OKLAHOMA CITY — The second half and fourth quarter of Game 1 were about more than just Russell Westbrook and Kevin Durant.
It was about their role players, those other guys stepping up and filling in wherever needed. Those guys like Thabo Sefolosha and Nick Collison, whose ability to play in those wide open spaces that are created when Durant and Westbrook have it going can help turn the momentum in the Thunder’s favor.
Collison was prepared for a larger role in this series after it became clear that the Heat would deploy their smaller lineup with LeBron James, Udonis Haslem, Shane Battier and Chris Bosh playing the majority of the frontcourt minutes.
The results for the Thunder were even better than anyone could have imagined. Collison came through with eight points, on 4-for-5 shooting, 10 rebounds (five offensive, including two tips that led to crucial Thunder baskets in the fourth quarter), quality screens, plus all the intangibles that have become his hallmark. And he did it in 21 minutes of pure efficiency and non-stop energy.
As the Thunder rallied from an early 13-point deficit to take control after halftime, especially in the fourth quarter when he played all but 29 seconds, it was clear that this was the type of game Collison’s game was made for.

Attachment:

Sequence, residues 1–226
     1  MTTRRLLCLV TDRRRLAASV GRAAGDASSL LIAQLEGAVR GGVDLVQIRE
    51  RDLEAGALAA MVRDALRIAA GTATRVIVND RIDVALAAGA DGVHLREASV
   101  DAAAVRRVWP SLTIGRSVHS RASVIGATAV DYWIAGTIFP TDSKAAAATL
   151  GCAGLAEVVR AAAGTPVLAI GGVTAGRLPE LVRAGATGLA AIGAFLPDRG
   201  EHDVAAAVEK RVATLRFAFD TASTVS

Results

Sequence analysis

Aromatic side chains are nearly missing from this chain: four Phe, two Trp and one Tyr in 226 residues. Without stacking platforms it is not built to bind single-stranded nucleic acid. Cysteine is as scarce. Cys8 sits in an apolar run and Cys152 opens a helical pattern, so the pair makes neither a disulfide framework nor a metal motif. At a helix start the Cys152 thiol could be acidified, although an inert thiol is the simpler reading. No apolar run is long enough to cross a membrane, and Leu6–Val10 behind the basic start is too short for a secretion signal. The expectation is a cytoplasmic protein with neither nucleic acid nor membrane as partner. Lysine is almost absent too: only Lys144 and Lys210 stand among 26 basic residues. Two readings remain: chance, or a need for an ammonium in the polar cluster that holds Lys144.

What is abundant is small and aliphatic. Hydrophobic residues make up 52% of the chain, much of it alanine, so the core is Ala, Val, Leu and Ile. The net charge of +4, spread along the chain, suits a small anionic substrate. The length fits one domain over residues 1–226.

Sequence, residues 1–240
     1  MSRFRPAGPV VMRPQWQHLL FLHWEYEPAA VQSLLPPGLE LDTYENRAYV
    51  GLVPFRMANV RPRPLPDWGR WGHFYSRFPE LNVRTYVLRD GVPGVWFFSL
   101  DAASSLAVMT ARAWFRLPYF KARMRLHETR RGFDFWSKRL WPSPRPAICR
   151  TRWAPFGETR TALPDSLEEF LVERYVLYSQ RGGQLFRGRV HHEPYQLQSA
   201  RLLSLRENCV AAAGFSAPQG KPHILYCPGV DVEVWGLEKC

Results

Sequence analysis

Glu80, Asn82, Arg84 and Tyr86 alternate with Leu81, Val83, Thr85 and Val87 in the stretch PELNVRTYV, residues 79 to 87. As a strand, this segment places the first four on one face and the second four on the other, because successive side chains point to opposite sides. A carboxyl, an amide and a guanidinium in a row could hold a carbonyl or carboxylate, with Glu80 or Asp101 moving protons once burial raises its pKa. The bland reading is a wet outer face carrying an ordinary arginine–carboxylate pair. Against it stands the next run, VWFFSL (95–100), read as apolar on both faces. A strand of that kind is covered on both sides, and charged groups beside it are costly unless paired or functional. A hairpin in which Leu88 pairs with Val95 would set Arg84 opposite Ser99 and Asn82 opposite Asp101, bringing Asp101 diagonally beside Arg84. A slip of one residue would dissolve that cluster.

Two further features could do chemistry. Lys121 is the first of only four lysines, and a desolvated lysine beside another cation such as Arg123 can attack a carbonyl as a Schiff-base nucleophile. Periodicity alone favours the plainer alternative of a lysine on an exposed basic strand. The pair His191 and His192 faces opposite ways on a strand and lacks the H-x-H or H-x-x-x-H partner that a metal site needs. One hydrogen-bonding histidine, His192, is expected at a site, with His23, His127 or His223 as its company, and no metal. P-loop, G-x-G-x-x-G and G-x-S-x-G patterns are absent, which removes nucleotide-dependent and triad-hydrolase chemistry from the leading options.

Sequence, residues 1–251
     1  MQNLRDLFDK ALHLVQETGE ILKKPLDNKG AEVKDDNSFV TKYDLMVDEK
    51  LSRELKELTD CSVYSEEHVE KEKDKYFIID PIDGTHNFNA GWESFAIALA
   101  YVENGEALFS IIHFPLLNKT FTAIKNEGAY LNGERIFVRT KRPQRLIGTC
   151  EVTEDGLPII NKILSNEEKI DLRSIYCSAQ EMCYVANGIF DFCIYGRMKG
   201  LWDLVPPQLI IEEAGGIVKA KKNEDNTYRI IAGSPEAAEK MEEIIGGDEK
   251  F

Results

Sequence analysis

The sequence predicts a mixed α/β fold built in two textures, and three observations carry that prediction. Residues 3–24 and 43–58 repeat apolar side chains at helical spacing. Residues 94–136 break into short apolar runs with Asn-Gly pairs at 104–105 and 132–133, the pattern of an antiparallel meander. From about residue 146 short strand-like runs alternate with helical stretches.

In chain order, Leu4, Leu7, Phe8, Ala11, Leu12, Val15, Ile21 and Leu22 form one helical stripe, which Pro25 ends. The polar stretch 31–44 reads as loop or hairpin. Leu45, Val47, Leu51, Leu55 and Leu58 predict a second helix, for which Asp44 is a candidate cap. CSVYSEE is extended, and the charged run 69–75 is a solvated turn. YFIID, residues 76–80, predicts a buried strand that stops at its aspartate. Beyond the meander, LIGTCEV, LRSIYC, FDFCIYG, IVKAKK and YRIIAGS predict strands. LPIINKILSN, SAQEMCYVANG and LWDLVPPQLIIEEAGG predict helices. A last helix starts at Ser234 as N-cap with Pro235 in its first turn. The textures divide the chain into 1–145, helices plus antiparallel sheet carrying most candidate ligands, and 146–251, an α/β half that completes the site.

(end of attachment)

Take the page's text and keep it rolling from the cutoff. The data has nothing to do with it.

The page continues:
“You always have the opportunity to play hard and try to chase rebounds,” Collison said. “Defensively, I was trying to figure out how to help out. LeBron and Dwyane Wade were so good attacking that you’ve got to just get in position to help.”
With help like Collison and Sefolosha, Thunder coach Scott Brooks can cook up all sorts of lineups to address whatever group the Heat goes with in this series.
Getting production on both ends from these guys, but especially Collison (whose minutes vary depending on the matchups), becomes a bonus for OKC.
“I was just trying to be active,” Collison said. “I don’t play a lot of minutes, so when I’m out there, I’m trying to play hard as I can and just trying to be as aware as I can and just go chase the ball.”
Collison’s four points, four rebounds and steal in the fourth quarter showed off a clutch gene that casual observers probably didn’t realize he had. We’re talking about a guy who has played 16.9 minutes per game this postseason playing the most crucial 11 minutes and 31 seconds of the Thunder’s season, to date.
An eight-year veteran and the longest-tenured member of this team (he was drafted with the 12th pick in the 2003 Draft by Seattle), Collison’s contributions are appreciated in his own locker room.
“He means a lot to us,” Durant said. “He’s been sacrificing his body, taking charges all season. Just playing hard. He could care less about how many shots he takes or how many rebounds he gets, he’s just going to play hard and do what the coaches tell him to do. He’s just a great teammate to have. We’ve got to just give him confidence by feeding him down low on those dump-off passes for dunks and he’s going to come back down and give it his all on the defensive end.”
Collison’s “all” was exactly what the Thunder needed at closing time in Game 1. And they’ll probably need more of it from him in this series.